But what is then about independence? Just before taking up teaching again, I submitted an article to a journal – and the style guidelines deserve in the context of learning independent thinking some special attention:

The use of personal pronouns (‘I’ and ‘we’) is to be generally avoided in the text, as are phrases such as ‘This paper will analyze …’, since the paper itself is an inanimate object and incapable of cognition.

The age old and lasting Werturteilsstreit (value judgment dispute) in new veils. This dispute was at its height before WW I, in the early 1960 and it has its clandestine renaissance now — Doesn’t the quoted formulation suggest that any academic should leave personality, opinion, values etc, at the wardrobe when entering the ivory tower? – Sure, another reading is possible: academics of all disciplines, leave the tower and act in a responsible way wherever responsibility is asked for. Not least on the streets and squares – when crossing them and blocking them …

Coming back too teaching, the challenge remains: how to prepare academics to find the door of the ivory tower, making them thoroughly aware that getting in does not suggest one has to stay inside.

It is indeed still true what had been said in thesis 11:

The philosophers have only interpreted the world, in various ways; the point is to change it.

Part of my tiny contribution to the interpretation and change can be found here in the lecture recordings, which will be frequently updated throughout the term.


[1] Zambian, Asad, 2016: The Methodology of Polanyi’s Great Transformation; in: Economic Thought 5.1: 44-63; here: 46; I may add that I talked about methodological socialism in the book “Opening Views against the Closure of the World” which had been published earlier this year.

War – the political intercourse carried on with other means — 9/11/1973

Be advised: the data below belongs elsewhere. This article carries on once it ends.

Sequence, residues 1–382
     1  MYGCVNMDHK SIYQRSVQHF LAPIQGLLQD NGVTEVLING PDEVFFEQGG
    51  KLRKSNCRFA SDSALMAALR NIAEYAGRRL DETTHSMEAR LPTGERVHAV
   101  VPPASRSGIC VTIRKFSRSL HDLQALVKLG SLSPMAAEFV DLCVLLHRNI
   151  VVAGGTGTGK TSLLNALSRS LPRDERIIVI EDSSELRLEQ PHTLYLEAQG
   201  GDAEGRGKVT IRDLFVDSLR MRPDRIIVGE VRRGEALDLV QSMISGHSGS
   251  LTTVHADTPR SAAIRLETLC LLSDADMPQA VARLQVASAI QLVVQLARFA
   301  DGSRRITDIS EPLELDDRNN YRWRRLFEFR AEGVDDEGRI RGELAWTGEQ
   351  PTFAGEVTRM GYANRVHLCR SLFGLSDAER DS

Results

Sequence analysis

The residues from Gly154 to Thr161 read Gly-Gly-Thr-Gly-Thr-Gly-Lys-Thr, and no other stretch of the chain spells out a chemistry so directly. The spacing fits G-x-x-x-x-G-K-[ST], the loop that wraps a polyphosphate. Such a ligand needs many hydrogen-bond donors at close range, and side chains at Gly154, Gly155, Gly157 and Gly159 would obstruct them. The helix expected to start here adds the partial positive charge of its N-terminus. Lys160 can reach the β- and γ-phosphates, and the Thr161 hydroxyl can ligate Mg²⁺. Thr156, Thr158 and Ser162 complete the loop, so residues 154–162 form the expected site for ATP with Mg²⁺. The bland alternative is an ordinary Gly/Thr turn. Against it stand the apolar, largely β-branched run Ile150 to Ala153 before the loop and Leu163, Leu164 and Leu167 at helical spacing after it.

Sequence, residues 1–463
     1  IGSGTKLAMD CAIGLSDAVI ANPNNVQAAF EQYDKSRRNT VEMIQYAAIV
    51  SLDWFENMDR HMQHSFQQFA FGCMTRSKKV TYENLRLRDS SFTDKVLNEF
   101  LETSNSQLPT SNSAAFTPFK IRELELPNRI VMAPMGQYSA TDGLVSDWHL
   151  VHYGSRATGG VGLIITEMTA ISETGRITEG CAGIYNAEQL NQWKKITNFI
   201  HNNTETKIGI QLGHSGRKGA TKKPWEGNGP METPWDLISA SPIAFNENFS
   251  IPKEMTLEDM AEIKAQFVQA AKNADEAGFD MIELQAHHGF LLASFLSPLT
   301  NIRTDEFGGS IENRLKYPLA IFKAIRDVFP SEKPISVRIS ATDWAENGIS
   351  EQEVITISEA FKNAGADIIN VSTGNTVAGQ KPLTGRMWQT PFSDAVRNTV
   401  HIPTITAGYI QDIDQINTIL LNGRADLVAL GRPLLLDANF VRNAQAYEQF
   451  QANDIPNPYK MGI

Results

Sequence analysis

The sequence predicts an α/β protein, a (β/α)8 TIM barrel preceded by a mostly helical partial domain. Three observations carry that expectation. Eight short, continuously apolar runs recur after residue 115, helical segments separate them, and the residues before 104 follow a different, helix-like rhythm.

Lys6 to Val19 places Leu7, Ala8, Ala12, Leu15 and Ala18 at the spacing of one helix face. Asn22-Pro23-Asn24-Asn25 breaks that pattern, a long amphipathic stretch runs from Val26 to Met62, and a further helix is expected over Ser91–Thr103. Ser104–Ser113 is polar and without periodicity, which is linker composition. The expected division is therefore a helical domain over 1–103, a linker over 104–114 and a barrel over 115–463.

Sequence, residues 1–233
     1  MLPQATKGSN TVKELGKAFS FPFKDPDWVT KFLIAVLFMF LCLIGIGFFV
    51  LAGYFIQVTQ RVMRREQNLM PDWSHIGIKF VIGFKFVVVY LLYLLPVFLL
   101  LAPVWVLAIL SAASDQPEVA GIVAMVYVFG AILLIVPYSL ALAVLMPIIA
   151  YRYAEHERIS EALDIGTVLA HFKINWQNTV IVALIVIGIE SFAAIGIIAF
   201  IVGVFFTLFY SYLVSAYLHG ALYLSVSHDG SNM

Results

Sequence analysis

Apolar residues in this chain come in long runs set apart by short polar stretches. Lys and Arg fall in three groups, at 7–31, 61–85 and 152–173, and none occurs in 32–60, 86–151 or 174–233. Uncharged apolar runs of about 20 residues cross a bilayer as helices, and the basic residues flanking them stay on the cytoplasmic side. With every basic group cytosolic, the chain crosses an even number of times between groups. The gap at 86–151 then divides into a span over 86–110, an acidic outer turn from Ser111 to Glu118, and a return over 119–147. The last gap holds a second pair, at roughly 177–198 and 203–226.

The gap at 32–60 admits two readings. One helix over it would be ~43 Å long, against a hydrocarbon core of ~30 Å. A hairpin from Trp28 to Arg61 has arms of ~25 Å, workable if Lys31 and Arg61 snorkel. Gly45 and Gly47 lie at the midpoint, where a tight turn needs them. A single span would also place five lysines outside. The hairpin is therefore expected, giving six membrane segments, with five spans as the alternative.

While writing, just before the 9/11 date, I can only assume that there will be another series of memorials … — and the one nearly complete amnesia: September 11, 1973 is the date which marks much more than just another violent rebuke of an alternative to business as usual as capitalist is called — and it is called even more so today, while the hegemony of this kind of business is barely contested in real terms.
What makes the Coup in Chile special?
To begin with, an important point can be taken from a piece by  Ralph Miliband, published in the Jacobin. He makes us aware of the fact that Chile was a showcase. We read
When Salvador Allende was elected to the presidency of Chile in September 1970, the regime that was then inaugurated was said to constitute a test case for the peaceful or parliamentary transition to socialism.
And leaving the different interpretations Miliband utters aide, it is surely true that
class struggle also means, and often means first of all, the struggle waged by the dominant class, and the state acting on its behalf, against the workers and the subordinate classes. By definition, struggle is not a one way process; but it is just as well to emphasize that it is actively waged by the dominant class or classes, and in many ways much more effectively waged by them than the struggle waged by the subordinate classes.
Gabriel García Márquez out this into the wider context in his piece Why Allende had to die?